Unsurprisingly in recent times there is greater interest in organisations rebuilding trust with all stakeholders. Financial Reporting irregularities, insufficient internal controls, misrepresentation of data, unfair discrimination are just some examples of wrongdoings within Private and Public sector organisations that have splashed across media headlines in the past 12 months. Scandals and reports of wrongdoing are not what stakeholders want to hear. The public perception is not only going to be dismay at the actual wrongdoing but also disillusionment with that organisation as a whole. Reputational damage can take longer to recover from than a dip in profits. Not to mention the next question being “where were the directors?”
Having Speaking Up policies within organisations are ineffective if the culture is not right or if nobody is listening. Having an unhealthy culture may be what leads to the route cause. Strong and healthy organisational cultures can do much to deter wrongdoing in the first instance and if something does go wrong, can ensure that the issue is brought to attention within the organisation and dealt with effectively.
This conference, run by the Corporate Governance Association of Ireland (CGAI) and Chartered Accounants Ireland, is a must attend for executive and non-executive directors, management, auditors and business advisors in order to:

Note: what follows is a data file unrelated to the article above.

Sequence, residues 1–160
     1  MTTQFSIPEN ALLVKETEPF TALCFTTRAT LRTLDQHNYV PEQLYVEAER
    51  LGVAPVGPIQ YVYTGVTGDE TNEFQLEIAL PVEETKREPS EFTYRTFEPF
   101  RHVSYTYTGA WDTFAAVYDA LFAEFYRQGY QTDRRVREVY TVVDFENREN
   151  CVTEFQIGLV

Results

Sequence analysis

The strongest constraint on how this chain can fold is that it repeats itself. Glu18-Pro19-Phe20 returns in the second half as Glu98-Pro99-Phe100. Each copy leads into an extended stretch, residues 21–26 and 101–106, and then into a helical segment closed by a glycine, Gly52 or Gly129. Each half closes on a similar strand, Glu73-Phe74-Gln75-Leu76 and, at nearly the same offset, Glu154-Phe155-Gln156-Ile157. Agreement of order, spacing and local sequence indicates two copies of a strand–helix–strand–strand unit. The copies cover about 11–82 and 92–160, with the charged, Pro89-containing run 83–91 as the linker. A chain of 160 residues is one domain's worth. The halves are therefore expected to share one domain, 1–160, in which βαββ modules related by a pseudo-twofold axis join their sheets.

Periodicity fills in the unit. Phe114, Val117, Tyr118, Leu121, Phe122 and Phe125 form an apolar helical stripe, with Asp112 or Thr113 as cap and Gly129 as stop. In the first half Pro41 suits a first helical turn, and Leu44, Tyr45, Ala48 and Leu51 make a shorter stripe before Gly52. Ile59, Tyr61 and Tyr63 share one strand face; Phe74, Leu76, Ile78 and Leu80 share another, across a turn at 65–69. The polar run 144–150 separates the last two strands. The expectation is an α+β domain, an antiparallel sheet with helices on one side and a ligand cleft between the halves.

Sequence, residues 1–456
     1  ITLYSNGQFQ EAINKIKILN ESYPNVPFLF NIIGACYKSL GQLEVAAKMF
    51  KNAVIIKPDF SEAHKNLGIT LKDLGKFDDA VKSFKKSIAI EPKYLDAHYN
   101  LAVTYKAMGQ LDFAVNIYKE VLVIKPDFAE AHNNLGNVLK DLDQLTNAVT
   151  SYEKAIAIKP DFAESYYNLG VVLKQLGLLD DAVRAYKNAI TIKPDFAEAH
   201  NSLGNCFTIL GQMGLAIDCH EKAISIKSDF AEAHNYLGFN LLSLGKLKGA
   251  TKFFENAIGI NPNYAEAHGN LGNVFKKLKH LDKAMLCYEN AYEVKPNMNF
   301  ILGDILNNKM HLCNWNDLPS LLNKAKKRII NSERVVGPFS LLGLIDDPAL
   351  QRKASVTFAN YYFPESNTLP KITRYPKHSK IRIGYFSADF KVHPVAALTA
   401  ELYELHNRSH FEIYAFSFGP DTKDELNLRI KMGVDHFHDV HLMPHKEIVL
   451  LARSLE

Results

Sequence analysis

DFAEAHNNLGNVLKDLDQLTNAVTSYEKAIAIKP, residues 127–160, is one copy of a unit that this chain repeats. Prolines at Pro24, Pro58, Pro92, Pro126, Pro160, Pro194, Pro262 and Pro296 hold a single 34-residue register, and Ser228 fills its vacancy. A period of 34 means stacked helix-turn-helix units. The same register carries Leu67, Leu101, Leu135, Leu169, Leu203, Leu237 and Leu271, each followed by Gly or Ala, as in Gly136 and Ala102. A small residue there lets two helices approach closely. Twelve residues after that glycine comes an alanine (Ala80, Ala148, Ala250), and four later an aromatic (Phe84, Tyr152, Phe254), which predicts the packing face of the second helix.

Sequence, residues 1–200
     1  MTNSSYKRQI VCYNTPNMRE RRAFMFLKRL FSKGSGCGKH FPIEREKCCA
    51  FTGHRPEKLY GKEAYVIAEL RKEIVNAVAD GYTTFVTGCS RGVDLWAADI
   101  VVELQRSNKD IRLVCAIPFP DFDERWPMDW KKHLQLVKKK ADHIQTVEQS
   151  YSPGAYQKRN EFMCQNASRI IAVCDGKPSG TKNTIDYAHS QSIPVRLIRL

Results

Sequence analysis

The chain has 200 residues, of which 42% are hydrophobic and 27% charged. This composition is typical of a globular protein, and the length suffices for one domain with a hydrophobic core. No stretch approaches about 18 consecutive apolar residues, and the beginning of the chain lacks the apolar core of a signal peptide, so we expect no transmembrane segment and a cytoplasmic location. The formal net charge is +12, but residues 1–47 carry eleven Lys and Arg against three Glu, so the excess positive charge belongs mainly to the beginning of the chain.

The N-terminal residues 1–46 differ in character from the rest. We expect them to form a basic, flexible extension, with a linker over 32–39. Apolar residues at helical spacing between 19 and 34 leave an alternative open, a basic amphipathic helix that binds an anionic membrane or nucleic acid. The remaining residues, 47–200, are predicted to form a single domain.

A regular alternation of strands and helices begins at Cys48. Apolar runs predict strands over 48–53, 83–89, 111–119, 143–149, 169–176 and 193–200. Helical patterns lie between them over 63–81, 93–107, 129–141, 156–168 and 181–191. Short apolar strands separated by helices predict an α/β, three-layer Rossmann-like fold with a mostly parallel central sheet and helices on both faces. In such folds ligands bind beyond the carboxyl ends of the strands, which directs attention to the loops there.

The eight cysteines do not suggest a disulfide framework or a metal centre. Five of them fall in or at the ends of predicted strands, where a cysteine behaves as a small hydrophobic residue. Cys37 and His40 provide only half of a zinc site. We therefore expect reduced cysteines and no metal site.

- Understand national and international trends in developing organisational cultures which allow for Speaking Up
- Get first hand insights from a respected whistleblower including the consequences suffered but also the benefits achieved in improving organisational culture.
- Develop an awareness of the legal implications of Speaking Up from both the organisations perspective and the discloser.
- Experience an informed panel discussion on what a healthy organisational culture can do for Speaking Up.
Speaker line-up includes (amongst others): Brendan Howlin TD (Labour Party Leader and Spokesperson on Justice and Northern Ireland, former minister for public expenditure and reform), Dr Tom Clonan (Irish Times Security Analyst, Author and Retired Irish Defence Force Captain), Ros O’Shea (Independent Director, Governance Consultant, Lecturer and Author), as well as insights from a legal expert, experience from a private company representative and a regulator in addition to comments from Shauna Greely (President of Chartered Accountants Ireland), Níall Fitzgerald (Head of Ethics and Governance, Chartered Accountants Ireland) and James Kavanagh (Chairman of CGAI).